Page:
Document Type

Article

Publication Date

5-9-2012

Publication Title

Cancer Medicine

Abstract

Effective treatment of metastatic renal cell carcinoma (RCC) remains a major medical concern, as these tumors are refractory to standard therapies and prognosis is poor. Although molecularly targeted therapies have shown some promise in the treatment of this disease, advanced RCC tumors often develop resistance to these drugs. Dissecting the molecular mechanisms underlying the progression to advanced disease is necessary to design alternative and improved treatment strategies. Tumor-associated macrophages (TAMs) found in aggressive RCC tumors produce a variety of inflammatory cytokines, including interleukin-1 b (IL-1b). Moreover, the presence of TAMs and high serum levels of IL-1b in RCC patients correlate with advanced disease. We hypothesized that IL-1b in the tumor microenvironment promotes the development of aggressive RCC tumors by directing affecting tumor epithelial cells. To address this, we investigated the role of IL-1b in mediating RCC tumor cell invasion as a measure of tumor progression. We report that IL-1b induced tumor cell invasion of RCC cells through a process that was dependent on the activity of matrix metalloproteinases (MMPs) and was independent of migration rate. Specifically, IL-1b induced the expression of MMP-1, MMP-3, MMP-10, and MT1-MMP in a mechanism dependent on IL-1b activation of the transcription factor CCAAT enhancer binding protein b (CEBP b). Consistent with its role in MMP gene expression, CEBP b knockdown significantly reduced invasion, but not migration, of RCC tumor cells. These results identify the IL-1b /CEBP b/MMP pathway as a putative target in the design of anti-metastatic therapies for the treatment of advanced RCC.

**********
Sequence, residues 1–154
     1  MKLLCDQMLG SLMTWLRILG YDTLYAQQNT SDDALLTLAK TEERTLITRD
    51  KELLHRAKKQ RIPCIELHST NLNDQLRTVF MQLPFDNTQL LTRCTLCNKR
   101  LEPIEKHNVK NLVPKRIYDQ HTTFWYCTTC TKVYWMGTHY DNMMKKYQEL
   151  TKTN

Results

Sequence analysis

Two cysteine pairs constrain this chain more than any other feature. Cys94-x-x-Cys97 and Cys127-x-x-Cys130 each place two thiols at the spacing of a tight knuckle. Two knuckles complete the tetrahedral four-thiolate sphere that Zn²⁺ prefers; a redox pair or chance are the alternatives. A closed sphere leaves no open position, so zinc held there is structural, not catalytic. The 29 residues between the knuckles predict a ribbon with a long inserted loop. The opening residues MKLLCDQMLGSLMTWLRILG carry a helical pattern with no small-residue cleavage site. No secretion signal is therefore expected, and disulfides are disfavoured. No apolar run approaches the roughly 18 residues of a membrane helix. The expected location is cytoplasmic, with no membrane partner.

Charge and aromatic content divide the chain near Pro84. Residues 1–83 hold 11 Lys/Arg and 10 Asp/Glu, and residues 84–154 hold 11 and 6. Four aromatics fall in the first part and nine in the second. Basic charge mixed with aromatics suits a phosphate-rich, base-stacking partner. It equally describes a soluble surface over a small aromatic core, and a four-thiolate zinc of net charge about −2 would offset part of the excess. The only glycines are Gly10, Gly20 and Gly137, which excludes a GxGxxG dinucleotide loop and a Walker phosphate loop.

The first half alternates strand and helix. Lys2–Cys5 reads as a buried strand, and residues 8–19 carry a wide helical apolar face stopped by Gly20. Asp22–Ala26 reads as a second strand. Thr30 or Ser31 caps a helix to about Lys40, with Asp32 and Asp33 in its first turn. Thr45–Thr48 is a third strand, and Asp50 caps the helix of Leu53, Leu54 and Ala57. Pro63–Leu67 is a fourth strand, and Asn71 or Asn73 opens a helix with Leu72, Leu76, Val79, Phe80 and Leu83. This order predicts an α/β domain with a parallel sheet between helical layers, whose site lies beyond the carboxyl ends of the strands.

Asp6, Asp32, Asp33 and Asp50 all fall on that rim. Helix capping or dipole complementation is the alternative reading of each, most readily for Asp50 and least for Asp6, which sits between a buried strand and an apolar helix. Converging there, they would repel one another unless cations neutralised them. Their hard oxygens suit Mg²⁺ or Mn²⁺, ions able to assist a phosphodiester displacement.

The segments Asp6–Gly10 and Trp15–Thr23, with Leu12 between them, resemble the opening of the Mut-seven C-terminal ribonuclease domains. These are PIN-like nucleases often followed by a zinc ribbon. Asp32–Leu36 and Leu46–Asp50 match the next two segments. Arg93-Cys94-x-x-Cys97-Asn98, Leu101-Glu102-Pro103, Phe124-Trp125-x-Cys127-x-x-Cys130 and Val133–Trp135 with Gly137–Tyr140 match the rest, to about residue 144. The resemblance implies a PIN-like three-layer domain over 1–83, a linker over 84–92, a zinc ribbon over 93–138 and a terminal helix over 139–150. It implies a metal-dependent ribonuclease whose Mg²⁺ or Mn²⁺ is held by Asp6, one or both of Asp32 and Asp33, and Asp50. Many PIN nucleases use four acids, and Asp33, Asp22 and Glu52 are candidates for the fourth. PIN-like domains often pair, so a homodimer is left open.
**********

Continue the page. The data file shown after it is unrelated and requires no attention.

DOI

10.1002/cam4.7

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